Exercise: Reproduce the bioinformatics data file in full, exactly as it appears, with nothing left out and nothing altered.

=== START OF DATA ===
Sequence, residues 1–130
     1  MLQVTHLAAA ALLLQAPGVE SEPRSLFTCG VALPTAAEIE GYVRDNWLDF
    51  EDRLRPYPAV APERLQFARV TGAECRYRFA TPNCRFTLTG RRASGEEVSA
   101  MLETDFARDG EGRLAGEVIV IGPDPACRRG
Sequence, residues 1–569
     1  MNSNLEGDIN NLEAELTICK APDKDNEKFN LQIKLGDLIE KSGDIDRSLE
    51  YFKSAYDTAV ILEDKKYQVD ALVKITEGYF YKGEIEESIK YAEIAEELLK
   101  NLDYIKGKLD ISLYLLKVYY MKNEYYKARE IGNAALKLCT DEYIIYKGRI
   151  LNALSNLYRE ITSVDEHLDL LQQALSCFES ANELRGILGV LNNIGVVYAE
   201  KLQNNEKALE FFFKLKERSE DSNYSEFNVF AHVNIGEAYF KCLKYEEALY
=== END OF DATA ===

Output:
Sequence, residues 1–130
     1  MLQVTHLAAA ALLLQAPGVE SEPRSLFTCG VALPTAAEIE GYVRDNWLDF
    51  EDRLRPYPAV APERLQFARV TGAECRYRFA TPNCRFTLTG RRASGEEVSA
   101  MLETDFARDG EGRLAGEVIV IGPDPACRRG
Sequence, residues 1–569
     1  MNSNLEGDIN NLEAELTICK APDKDNEKFN LQIKLGDLIE KSGDIDRSLE
    51  YFKSAYDTAV ILEDKKYQVD ALVKITEGYF YKGEIEESIK YAEIAEELLK
   101  NLDYIKGKLD ISLYLLKVYY MKNEYYKARE IGNAALKLCT DEYIIYKGRI
   151  LNALSNLYRE ITSVDEHLDL LQQALSCFES ANELRGILGV LNNIGVVYAE
   201  KLQNNEKALE FFFKLKERSE DSNYSEFNVF AHVNIGEAYF KCLKYEEALY